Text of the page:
Bruce Willis as General Joe Colton, founder of team G.I. Joe? That’s just what the franchise needs to re-ignite interest as we approach the 50th anniversary of the guy that launched the modern action figure.
G.I. Joe has gone through several incarnations since “America’s movable fighting man” was released as a 12-inch action figure by Hasbro in 1964. He started out as one of four U.S. Service soldiers. In 1970 with the Vietnam War all over television Hasbro switched gears to Joe as member of the Adventure Team, when the action figure also got “life-like” hair. (Personally, I had the army soldier with the brown beard and later added the dark-haired soldier without the beard). Here are 12-inch Joes landing at Comic-Con this year:
In 1974 G.I. Joe got the famous kung fu grip to replace the hard plastic, reversed-hand that had served as Hasbro’s trademark (and was actually used to catch international imports of fake Joes). He always had a trademark facial scar, too. Hey, so did Willis in Hart’s War…
In 1975, to compete with the popular 12-inch Six Million Dollar Man action figure, Hasbro introduced Mike Power, the Atomic Man. These two characters duked it out on many occasions in living rooms across the country. The last of the original Joes was released in 1976. In 1982 G.I. Joe would return in 3 3/4 inch action figures, closer in size to the popular Star Wars action figure line, but with knee and elbow joints. In 1985 these little G.I. Joe figures were the top selling American toy. They have been available in varying versions ever since, and between 1991 and 2005 the 12-inch line of figures returned.
Meanwhile between 1980 and 1994 Marvel Comics had a G.I. Joe title that mirrored the action figure line. In 1985 a cartoon series focused on good (G.I. Joe) vs. evil (Cobra) as opposed to true-life war. In the cartoon G.I. Joe became synonymous with an early Seal Team Six type of special forces. This was followed by various animated movies, including many that went direct to video. In 2009 G.I. Joe finally hit the silver screen in the movie G.I. Joe: The Rise of Cobra, a good action movie that didn’t take itself too seriously, had a lot of great action, great writing, and–with a lot of references to the original Joe story and toys–was just all-out fun.
So who is Joe Colton? It wasn’t until the 1980s that the action figures and cartoon characters got their own names, origins, and developed stories. For decades there never was a single action figure or character named Joe, consistent with the historic reference to the G.I.s as G.I. Joes from years past, derived from an earlier comic strip with no relation to the Hasbro line. General Joseph B. Colton did not appear as a named character with the early toy line, or with the animated series, but surfaced with the Marvel Comics comic book series, first with Issue 86. His character is flushed out in later comic book series as the leader of the elite G.I. Joe special forces unit.
Which brings us to the sequel to G.I. Joe: The Rise of Cobra, titled G.I. Joe: Retaliation. If Retaliation follows the comic book line, Cobra may have some success against General Hawk, the hero of Rise of Cobra, played solidly by a tough-as-nails Dennis Quaid. Which leaves a key role for General Joe Colton. And Bruce Willis is now in discussions to play Colton in Retaliation. I can’t think of anyone better as an action hero in G.I. Joe. Even at 56 who better can face an uphill battle, walking barefoot across broken glass if need be, especially against the likes of the evil Cobra? What more could you want? Maybe a cameo by Arnold Schwartzenegger and Sylvester Stallone? Although it is not yet confirmed that Willis has signed on as Joe, the Internet Movie Database lists Willis as the lead.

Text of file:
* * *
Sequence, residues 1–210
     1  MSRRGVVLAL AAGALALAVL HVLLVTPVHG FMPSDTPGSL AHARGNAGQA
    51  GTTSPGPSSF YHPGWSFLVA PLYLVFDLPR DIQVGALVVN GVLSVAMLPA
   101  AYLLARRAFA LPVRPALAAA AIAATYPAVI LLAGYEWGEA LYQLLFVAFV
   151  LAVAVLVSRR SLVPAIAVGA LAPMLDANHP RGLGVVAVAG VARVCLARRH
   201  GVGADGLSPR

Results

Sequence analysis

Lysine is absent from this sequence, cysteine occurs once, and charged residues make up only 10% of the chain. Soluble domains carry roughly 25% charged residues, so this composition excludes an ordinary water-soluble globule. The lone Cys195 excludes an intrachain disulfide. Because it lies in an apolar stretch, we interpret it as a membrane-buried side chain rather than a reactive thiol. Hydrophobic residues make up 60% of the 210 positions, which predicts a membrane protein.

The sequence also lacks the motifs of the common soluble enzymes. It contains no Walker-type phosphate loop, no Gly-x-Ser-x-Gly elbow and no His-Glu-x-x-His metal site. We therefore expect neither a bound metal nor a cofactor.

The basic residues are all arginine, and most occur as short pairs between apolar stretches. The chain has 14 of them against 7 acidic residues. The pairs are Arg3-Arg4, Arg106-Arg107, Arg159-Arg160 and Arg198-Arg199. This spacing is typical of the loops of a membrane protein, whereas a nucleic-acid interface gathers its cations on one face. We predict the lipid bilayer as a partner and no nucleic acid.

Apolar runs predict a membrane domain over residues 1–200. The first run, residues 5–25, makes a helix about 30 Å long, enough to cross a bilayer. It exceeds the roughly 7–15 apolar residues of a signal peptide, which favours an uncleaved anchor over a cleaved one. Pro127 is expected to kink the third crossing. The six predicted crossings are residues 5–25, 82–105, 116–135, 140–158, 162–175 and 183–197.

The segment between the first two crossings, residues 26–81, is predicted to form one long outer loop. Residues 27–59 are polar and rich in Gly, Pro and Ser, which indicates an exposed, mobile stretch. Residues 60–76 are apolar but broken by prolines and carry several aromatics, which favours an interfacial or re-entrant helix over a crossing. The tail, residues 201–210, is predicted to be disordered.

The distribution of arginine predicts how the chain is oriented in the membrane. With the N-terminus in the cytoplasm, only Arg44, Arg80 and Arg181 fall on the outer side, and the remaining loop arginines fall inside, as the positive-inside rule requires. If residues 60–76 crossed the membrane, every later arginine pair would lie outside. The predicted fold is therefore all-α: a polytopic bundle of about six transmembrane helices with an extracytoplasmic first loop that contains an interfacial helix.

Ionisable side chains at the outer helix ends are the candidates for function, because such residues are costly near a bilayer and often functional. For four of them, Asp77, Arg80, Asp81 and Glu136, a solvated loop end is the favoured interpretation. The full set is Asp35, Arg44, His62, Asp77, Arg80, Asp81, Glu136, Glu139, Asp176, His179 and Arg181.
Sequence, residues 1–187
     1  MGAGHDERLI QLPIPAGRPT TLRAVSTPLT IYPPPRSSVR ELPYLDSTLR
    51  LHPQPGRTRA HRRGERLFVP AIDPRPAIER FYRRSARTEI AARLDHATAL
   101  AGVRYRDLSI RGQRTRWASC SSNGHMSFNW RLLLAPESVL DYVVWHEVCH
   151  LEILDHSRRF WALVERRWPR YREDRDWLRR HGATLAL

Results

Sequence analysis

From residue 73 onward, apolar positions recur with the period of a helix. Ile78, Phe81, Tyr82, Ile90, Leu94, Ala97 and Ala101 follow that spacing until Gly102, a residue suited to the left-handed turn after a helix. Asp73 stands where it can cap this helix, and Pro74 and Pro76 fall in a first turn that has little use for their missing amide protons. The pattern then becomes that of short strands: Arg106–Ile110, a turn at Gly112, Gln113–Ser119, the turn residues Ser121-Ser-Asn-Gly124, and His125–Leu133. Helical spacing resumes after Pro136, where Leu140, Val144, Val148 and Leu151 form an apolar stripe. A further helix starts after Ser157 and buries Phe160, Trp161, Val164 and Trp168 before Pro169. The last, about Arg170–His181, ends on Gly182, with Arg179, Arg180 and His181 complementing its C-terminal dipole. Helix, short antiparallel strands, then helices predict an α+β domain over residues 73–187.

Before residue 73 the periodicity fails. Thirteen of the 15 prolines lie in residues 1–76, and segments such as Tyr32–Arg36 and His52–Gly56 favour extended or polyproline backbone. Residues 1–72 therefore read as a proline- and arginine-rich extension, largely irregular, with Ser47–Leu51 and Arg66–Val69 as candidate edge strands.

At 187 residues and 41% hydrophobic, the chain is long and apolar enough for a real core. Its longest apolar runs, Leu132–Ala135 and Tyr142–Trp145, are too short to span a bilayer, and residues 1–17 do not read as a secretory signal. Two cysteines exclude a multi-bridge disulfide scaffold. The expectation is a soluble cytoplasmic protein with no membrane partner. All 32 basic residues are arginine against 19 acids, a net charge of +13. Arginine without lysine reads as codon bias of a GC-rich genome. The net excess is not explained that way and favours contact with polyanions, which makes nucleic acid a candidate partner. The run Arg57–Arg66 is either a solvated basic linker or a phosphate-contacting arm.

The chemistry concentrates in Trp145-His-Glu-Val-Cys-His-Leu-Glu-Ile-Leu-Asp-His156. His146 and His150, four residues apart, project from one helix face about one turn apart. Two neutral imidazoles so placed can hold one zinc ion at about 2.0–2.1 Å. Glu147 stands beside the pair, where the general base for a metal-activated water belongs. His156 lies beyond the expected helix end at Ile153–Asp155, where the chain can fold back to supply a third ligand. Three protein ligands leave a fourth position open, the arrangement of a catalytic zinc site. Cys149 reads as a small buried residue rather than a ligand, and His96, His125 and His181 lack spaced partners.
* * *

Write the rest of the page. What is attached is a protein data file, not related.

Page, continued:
Already signed up for G.I. Joe: Retaliation, Channing Tatum will return as Captain Duke Hauser, Ray Park (Darth Maul in Star Wars: Episode I) as Snake Eyes and Byung-hun Lee as Storm Shadow. New characters out of past incarnations that will appear include Dwayne Johnson (fka The Rock) as Roadblock, Adrianne Palicki as Lady Jaye, Joseph Mazzello (the little kid in Jurassic Park!) as Mouse, Arnold Vosloo (Imhotep from The Mummy) as Zartan, Elodie Yung as Jinx, and as D.J. Cotrona as Flint. But no Scarlett or Baroness??? While you go back to watch Rise of Cobra, in case you haven’t seen it yet, try counting the classic nostalgic catchphrases, like “you have kung fu grip” and “you’re a real American hero.”
Other reasons why Bruce Willis is made for a G.I. Joe role? He’s already trained for the part:
He’s saved American cities four times as Detective John McClane in the Die Hard movies
He sleuthed out the bad guy as Detective Sergeant Tom Hardy in Striking Distance
Butch Coolidge, son of a war hero who gets his watch back, in Pulp Fiction
He saved the whole planet as Korben Dallas in The Fifth Element
He saved the world (again) as driller turned Astronaut Harry Stamper in Armageddon
And he actually played a soldier as Major General William Devereaux in The Siege
and again, as a special ops commander as Lieutenant A.K. Waters in Tears of the Sun
Convinced yet? Go Joe! Go Bruce!